- By either trying to get somewhere else, rather than where you are: like when you are thinking about how uncomfortable this asana is and how you would rather dodge it and move on; or when external retention during pranayama drudges up fear and anxiety.
- By presenting itself in such a way that there is no relationship with the object. Think of this like someone is staring at you in a way that makes you uncomfortable. So basically, you are just staring at yourself in your practice without connecting in a deeper, more meaningful way.
Monday, November 17, 2014
Mindfulness…. Ok, I don’t know about you but for me that is a heavy word. As yogis, and especially as ashtangis, we hear that word tossed around quite a bit.
We should be mindful in our asana practice.
We should bring mindfulness to our lives off the mat.
We should be mindful when we do our pranayama, to purify our minds.
What the heck does all that mean? It's a pretty abstract concept and I don't do abstract. I want logic and order! So, after several weekends in a row with my teacher, David Garrigues, various words are rattling around in my head. David talks quite often talks about mindfulness in terms of the yoga sutras and vivekakhyāti or unceasing discrimination. Vivekakhyāti? Is that mindfulness? If so, it is right there in the yoga sutras, sutra 2.28, staring me right in the face!
I decide to start by looking up various definitions of mindfulness and see if they applied to my practice. Here is one from the Oxford English Dictionary:
1. the quality or state of being conscious or aware of something.
2. a mental state achieved by focusing one’s awareness on the present moment, while calmly acknowledging and accepting one’s feelings, thoughts, and bodily sensations, used as a therapeutic technique.
Whoa! That sounds complicated. But I guess it makes some sense on a theoretical level: accepting one’s feelings and bodily sensations while doing asana practice. Hmm… but what if those feelings are unclear or uncomfortable, as they many times are?
So, I moved on to find other definitions. I rather like Jon Kabat-Zinn’s Buddhist-influenced definition of mindfulness: “Mindfulness means paying attention in a particular way; On purpose, in the present moment, and nonjudgmentally.” This makes more sense in terms of yoga to me. But, in what way should we “pay attention,” especially during our asana practice?
Still not logical and concrete enough for me. I felt like I was moving down a rabbit hole and the objects around me were getting larger while I got smaller.
Then my meditation teacher, John Churchill, reminded me of a very important fact – that in our practice on the mat or on the cushion we must FIRST savor and enjoy. Yes! Simple, concrete and doable!
Savor and enjoy the breath, savor and enjoy sensations that come up during asana. If that’s all I have to do, then I’m in!
John called this being “rapturously engaged” in the present moment. But he went on to say that without first savoring and enjoying, one becomes “subtly aggressive.” STOP! What the heck?? Does this mean that if I am not being mindful by enjoying the breath or the asana, I will become violent towards it?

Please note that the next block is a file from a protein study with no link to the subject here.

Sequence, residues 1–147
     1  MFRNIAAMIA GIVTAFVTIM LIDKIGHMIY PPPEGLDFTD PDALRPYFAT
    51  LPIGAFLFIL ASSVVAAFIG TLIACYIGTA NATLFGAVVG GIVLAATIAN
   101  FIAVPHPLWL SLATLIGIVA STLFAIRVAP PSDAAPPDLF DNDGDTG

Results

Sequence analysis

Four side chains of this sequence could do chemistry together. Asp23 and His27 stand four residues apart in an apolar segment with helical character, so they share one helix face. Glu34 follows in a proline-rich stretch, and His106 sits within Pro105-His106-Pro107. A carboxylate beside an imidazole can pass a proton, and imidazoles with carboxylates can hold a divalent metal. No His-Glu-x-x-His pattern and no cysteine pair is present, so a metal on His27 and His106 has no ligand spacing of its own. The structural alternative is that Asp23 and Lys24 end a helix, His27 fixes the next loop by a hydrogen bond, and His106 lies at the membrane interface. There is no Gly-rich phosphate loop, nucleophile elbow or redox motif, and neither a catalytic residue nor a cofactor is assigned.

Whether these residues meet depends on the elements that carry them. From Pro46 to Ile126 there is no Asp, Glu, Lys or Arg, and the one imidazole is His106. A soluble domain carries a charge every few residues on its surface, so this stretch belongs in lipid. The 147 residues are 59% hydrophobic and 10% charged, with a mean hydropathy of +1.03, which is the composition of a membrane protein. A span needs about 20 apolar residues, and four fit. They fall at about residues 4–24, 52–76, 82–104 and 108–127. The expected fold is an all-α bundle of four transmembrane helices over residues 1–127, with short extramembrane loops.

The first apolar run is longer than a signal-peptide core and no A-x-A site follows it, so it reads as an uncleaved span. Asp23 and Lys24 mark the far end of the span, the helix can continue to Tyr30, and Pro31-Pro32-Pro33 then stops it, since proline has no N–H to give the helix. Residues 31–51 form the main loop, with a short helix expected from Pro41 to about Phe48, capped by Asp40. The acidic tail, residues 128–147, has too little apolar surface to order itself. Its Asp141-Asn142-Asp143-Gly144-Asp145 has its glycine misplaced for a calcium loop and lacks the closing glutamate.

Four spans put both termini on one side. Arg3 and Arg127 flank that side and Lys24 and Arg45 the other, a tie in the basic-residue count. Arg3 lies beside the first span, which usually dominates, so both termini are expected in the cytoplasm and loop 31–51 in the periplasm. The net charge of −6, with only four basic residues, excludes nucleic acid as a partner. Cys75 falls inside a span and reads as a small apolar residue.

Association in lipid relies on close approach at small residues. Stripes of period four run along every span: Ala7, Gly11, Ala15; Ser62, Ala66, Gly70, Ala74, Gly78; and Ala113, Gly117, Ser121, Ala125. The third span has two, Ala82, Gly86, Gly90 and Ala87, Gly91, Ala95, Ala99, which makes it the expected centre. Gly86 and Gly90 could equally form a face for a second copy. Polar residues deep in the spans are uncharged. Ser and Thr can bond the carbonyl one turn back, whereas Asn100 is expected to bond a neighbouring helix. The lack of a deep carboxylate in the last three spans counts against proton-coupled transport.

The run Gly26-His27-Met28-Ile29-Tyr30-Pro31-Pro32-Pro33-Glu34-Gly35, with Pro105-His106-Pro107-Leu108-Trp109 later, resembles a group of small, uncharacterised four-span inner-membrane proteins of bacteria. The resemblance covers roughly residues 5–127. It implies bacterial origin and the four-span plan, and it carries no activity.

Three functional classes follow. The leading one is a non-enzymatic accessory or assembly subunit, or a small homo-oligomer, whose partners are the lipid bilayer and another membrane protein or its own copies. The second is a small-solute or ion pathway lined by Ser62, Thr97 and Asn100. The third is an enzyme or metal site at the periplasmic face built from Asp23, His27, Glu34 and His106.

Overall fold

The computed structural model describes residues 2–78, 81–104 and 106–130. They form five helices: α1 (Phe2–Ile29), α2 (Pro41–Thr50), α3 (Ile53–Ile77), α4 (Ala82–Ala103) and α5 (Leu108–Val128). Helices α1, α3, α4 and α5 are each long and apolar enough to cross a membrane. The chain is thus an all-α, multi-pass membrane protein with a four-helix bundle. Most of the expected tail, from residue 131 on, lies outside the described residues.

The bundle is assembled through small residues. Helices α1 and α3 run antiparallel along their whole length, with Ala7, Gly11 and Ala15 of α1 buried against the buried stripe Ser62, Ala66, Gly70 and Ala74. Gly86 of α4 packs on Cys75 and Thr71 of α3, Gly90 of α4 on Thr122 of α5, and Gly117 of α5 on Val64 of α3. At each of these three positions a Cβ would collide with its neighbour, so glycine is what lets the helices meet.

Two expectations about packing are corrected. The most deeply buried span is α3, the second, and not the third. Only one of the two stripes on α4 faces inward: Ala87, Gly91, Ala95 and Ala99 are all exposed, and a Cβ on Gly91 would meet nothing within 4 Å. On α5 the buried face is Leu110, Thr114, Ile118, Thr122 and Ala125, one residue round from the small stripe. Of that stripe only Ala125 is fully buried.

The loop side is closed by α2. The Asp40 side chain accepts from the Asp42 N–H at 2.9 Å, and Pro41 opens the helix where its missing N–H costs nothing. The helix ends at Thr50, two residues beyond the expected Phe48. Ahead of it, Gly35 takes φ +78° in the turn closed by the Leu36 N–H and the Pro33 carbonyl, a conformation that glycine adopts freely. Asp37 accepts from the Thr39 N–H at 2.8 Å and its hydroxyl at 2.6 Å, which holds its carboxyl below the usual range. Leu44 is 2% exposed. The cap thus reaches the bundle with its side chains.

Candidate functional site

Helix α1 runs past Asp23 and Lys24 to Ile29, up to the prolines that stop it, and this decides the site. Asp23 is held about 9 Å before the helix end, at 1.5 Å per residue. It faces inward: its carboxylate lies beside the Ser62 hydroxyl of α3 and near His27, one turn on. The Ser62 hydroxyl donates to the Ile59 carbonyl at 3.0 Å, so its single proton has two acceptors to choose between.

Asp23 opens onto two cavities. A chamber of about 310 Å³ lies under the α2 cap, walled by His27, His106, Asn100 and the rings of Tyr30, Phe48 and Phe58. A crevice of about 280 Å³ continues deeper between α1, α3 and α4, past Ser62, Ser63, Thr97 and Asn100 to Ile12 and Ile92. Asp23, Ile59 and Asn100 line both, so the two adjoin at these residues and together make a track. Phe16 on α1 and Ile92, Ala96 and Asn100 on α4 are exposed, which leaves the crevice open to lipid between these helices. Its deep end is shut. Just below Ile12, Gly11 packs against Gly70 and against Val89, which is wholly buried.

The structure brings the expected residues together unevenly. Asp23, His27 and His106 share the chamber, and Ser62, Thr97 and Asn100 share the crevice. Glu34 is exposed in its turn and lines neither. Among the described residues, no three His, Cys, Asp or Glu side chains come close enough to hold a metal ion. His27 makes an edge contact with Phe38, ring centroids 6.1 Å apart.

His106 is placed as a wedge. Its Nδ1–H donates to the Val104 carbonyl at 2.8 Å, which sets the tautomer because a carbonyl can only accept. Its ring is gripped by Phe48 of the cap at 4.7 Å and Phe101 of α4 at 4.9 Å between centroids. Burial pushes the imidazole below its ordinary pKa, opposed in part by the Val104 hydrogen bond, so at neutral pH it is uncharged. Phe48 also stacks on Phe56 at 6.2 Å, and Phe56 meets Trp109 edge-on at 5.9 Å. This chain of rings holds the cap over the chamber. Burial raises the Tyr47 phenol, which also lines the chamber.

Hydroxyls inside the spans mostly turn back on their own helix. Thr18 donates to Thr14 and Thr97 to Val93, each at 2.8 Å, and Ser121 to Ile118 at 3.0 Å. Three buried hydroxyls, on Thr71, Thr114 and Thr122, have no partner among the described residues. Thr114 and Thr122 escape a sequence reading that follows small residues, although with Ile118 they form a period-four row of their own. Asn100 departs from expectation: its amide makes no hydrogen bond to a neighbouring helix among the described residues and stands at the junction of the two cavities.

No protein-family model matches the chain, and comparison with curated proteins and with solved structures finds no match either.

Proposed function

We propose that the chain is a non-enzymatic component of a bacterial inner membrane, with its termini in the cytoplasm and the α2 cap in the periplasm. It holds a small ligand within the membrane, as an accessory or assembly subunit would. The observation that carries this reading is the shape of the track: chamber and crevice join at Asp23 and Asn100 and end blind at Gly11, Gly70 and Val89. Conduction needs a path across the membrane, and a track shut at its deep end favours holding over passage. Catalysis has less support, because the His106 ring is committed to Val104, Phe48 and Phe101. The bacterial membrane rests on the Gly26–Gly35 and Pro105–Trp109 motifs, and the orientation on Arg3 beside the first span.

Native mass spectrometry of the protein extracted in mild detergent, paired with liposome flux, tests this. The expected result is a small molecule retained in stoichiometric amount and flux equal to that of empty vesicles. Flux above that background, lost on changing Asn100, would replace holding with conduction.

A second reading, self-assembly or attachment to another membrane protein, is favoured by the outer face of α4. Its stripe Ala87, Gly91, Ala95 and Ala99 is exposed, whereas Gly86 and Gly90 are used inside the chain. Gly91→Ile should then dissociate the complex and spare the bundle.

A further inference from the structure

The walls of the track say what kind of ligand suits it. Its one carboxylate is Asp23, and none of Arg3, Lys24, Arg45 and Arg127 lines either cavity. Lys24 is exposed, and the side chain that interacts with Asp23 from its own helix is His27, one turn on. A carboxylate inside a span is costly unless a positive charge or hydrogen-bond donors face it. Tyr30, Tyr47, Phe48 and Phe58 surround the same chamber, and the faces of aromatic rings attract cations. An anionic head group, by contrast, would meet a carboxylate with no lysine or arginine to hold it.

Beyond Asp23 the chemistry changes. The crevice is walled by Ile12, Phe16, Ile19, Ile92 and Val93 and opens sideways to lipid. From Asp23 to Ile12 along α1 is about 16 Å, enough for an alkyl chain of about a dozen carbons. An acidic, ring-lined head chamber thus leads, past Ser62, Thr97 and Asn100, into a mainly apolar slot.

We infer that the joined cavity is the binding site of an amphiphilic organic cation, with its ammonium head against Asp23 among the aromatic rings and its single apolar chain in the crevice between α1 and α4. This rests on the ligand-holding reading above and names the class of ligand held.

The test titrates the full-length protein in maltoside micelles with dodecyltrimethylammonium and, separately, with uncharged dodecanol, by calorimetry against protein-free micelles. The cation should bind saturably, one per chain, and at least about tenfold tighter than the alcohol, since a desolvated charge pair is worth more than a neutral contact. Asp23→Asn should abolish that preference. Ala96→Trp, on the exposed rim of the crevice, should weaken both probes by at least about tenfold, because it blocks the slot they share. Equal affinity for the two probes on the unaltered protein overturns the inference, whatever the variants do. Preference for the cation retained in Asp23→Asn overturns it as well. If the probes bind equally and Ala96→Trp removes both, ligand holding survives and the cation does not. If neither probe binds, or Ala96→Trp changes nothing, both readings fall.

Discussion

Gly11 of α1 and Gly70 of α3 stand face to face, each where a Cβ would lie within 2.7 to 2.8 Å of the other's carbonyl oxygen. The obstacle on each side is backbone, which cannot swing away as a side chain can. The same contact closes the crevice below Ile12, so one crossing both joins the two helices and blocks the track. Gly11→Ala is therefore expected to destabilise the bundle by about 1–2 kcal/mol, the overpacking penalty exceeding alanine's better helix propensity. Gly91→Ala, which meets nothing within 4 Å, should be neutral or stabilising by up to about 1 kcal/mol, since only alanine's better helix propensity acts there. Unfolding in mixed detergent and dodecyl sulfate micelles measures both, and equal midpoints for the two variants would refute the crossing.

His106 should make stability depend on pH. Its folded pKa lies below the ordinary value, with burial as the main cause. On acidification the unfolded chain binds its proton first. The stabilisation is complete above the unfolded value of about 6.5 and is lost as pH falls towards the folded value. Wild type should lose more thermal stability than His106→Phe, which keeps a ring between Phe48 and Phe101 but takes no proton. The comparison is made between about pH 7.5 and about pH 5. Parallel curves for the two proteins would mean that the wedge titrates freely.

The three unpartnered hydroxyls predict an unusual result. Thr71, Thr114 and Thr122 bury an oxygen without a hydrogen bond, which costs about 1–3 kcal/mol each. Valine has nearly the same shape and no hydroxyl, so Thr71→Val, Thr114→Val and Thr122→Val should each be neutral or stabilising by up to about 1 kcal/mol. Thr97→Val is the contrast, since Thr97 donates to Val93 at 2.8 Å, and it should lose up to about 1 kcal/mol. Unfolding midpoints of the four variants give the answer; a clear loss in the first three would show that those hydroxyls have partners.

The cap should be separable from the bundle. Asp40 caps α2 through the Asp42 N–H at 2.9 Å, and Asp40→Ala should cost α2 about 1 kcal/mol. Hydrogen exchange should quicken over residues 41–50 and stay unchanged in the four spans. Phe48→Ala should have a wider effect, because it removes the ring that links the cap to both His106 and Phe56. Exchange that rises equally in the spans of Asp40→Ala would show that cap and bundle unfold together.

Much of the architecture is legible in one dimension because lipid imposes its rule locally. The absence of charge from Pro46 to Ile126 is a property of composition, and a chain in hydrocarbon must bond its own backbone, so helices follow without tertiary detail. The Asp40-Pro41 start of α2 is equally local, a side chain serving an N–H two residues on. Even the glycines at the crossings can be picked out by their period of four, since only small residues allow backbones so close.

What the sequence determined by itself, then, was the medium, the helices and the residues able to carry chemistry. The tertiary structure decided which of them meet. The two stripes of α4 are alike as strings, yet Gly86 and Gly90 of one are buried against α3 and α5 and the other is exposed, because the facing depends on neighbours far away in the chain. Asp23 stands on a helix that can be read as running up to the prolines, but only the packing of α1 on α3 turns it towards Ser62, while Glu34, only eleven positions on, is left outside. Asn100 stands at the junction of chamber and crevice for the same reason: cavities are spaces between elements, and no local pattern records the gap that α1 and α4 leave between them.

Crap! I will be the first to admit that the practice is not always enjoyable in the moment. But it doesn’t necessarily mean violence – it is more subtle (ha-ha) than violence. Being subtly aggressive means that you manifest ill will toward the object (the breath or the asana). And this is where fear and injury happen. Ill will in our yoga practice manifests in two ways:
Holy Shit! So, I am being subtly aggressive with myself? Yikes, I really am! It’s the artful dodger popping up everywhere in my practice!
So how do I change this response? Now I am not a psychologist or a writer, but John suggested that I look at my time on the mat from three classic perspectives: the first person (I, who is practicing), the second person (You, a true relationship of love and compassion) and the third person (IT, the practice). Most of us, myself included, start practicing yoga in the third person. We do IT (or IT does us!) and that leads to a subtly aggressive response.
So... It's all about the perspective with my practice! YOU need to create an integral relationship between yoga and YOURself. OMG, this what David has been trying to tell me! I need to “savor and enjoy” or practice mindfulness or vivekakhyāti. David is constantly reminding us that our yoga practice is meant to teach us to move closer – to move from the gross to the subtle – to use that vivekakhyāti or discerning knowledge that is complete in every sense. Our yoga practice, whether it be asana, meditation, or pranayama (or a true combination of all of the above), is really in the mind and we must bring awareness and remain in it continuously.
Ugh! How do I remain aware continuously? That sounds impossible!
THIS is the true “light bulb” moment: for me David talks a lot about dynamism – and I think I finally understand what he means. It doesn’t mean pushing forward. Rather, it is really about being HERE – being more attentive and cultivating a true second person perspective of love and compassion with myself.
Dynamism is about being HERE!
Dynamism is mindfulness. Dynamism is discernment. Dynamism is savoring and enjoying the moment. Dynamism is the instrument that makes this subject, so big and hard to grasp, real and achievable. Dynamism is the potion that says, “Drink this” to get out of the rabbit hole. Now, to just put it into practice!